U.S. stocks traded nearly unchanged midday Friday after wavering between small gains and losses in the morning session, as investors were weighing the market's continued record run against generally upbeat data.
At midday, the blue-chip Dow lost 3.47 points, or 0.02 percent, to 17,649.32. The S&P 500 edged down 0.03 point to 2,039.30. The Nasdaq Composite Index ticked up 2.60 points, or 0.06 percent, to 4,682.74.
U.S. retail and food services sales for October increased 0.3 percent in October, said the Commerce Department, beating market consensus of a 0.2-percent rise. Better-than-expected retail sales showed a welcome sign as the holiday shopping season approaches.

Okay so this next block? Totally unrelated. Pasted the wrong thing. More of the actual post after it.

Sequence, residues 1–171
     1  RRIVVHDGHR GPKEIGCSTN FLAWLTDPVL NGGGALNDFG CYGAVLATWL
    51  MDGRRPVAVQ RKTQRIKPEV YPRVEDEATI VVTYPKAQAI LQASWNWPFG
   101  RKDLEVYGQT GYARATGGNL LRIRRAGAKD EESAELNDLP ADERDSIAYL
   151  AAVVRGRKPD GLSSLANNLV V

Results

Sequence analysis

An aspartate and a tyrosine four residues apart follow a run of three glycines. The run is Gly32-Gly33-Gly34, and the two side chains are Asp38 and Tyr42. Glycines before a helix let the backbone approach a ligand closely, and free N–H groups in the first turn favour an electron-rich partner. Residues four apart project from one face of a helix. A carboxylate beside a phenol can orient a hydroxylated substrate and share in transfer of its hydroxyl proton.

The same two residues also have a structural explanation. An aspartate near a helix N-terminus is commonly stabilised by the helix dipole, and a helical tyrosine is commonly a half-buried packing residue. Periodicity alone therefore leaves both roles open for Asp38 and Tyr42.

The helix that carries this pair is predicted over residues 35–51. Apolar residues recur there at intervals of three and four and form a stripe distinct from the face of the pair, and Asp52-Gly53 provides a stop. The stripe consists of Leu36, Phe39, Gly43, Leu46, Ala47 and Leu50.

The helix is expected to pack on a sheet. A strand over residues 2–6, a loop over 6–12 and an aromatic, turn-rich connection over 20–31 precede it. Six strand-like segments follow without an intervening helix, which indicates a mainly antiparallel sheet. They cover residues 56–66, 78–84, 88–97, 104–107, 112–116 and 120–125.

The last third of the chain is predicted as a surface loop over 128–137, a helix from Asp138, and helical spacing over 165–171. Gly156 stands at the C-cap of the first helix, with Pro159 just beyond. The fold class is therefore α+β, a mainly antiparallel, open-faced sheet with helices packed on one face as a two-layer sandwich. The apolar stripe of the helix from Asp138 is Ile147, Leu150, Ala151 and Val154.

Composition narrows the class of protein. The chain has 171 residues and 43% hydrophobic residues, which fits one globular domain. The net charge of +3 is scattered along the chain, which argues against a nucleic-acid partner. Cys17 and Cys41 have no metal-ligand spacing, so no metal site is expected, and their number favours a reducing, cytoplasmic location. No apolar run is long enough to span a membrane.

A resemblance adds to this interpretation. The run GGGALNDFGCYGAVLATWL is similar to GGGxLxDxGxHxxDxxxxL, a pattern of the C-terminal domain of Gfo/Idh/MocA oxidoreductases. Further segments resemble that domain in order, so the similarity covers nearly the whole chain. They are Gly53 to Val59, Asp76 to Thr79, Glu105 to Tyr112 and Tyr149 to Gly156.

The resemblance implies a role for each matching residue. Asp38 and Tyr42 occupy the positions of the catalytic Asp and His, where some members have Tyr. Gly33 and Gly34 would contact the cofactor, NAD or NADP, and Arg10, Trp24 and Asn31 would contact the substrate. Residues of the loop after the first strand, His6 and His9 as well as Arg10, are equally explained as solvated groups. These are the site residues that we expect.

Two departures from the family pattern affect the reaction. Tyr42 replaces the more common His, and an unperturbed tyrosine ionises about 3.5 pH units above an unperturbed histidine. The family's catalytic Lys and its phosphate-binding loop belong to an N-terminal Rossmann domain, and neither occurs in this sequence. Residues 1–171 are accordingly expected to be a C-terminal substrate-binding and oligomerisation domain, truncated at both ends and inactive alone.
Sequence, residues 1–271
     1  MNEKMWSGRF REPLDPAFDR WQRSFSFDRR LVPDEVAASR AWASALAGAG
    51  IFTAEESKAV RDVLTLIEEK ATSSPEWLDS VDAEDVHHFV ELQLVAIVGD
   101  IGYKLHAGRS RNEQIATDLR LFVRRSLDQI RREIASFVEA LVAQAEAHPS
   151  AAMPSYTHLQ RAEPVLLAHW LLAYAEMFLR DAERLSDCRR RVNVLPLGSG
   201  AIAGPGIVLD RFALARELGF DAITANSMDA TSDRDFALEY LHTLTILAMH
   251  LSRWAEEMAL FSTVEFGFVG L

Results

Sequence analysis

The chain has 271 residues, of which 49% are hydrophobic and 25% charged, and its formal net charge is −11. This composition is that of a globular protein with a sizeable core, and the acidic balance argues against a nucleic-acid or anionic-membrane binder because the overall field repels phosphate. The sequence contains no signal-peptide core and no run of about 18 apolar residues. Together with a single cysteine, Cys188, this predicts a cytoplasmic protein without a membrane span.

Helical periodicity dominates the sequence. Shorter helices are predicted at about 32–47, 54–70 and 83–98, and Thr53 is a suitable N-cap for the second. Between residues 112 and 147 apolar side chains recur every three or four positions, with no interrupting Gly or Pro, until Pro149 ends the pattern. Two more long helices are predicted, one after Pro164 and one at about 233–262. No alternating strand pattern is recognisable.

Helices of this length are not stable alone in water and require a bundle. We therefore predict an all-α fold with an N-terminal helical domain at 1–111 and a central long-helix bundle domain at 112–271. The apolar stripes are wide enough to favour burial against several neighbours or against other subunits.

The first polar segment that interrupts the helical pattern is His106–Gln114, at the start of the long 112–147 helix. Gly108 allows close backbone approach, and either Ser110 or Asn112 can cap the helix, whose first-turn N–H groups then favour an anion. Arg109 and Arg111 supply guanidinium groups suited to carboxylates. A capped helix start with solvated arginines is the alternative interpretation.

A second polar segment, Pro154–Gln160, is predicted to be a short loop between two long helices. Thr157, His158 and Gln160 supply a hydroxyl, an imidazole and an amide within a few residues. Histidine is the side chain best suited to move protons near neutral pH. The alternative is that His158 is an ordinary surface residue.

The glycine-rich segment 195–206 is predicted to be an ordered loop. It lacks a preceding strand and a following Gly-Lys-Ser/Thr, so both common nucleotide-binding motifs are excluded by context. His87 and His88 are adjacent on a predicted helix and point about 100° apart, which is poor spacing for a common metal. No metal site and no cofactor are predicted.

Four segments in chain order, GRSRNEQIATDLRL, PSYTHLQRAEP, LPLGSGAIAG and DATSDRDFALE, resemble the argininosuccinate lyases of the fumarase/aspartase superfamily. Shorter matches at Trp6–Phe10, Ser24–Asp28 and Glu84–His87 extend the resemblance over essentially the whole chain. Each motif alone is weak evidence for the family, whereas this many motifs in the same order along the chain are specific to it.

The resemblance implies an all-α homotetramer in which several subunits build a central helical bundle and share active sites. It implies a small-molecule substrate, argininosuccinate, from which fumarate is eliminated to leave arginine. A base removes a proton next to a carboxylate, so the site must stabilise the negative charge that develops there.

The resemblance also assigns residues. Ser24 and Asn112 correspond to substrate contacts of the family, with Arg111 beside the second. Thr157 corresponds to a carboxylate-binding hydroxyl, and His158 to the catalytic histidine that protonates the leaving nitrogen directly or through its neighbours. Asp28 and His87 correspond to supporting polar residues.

The department said in a separate report that U.S. business inventories climbed up 0.3 percent in September, while business sales were virtually unchanged.
Adding more optimism into the market, U.S. consumer sentiment in November jumped to the highest level in over seven years, according to a survey by Thomson Reuters/University of Michigan, which showed the preliminary consumer sentiment index registered 89.4, the strongest reading since July 2007, topping market forecast.
However, the price index for U.S. imports dropped 1.3 percent in October, mostly led by falling fuel prices, while export prices fell 1.0 percent, the Labor Department reported.
U.S. stocks have been following the up-and-down pattern in intraday trading over the past few days, as investors are reassessing the valuation of stocks after the recent record- setting streak.
Investors were also keeping an eye on weakening oil prices, which put pressures on energy companies' stocks but provided a boost to consumer spending.
On Thursday, U.S. stocks eked out gains, with the Dow Jones Industrial Average setting all-time intraday and closing highs amid a batch of mixed earnings from major retailers.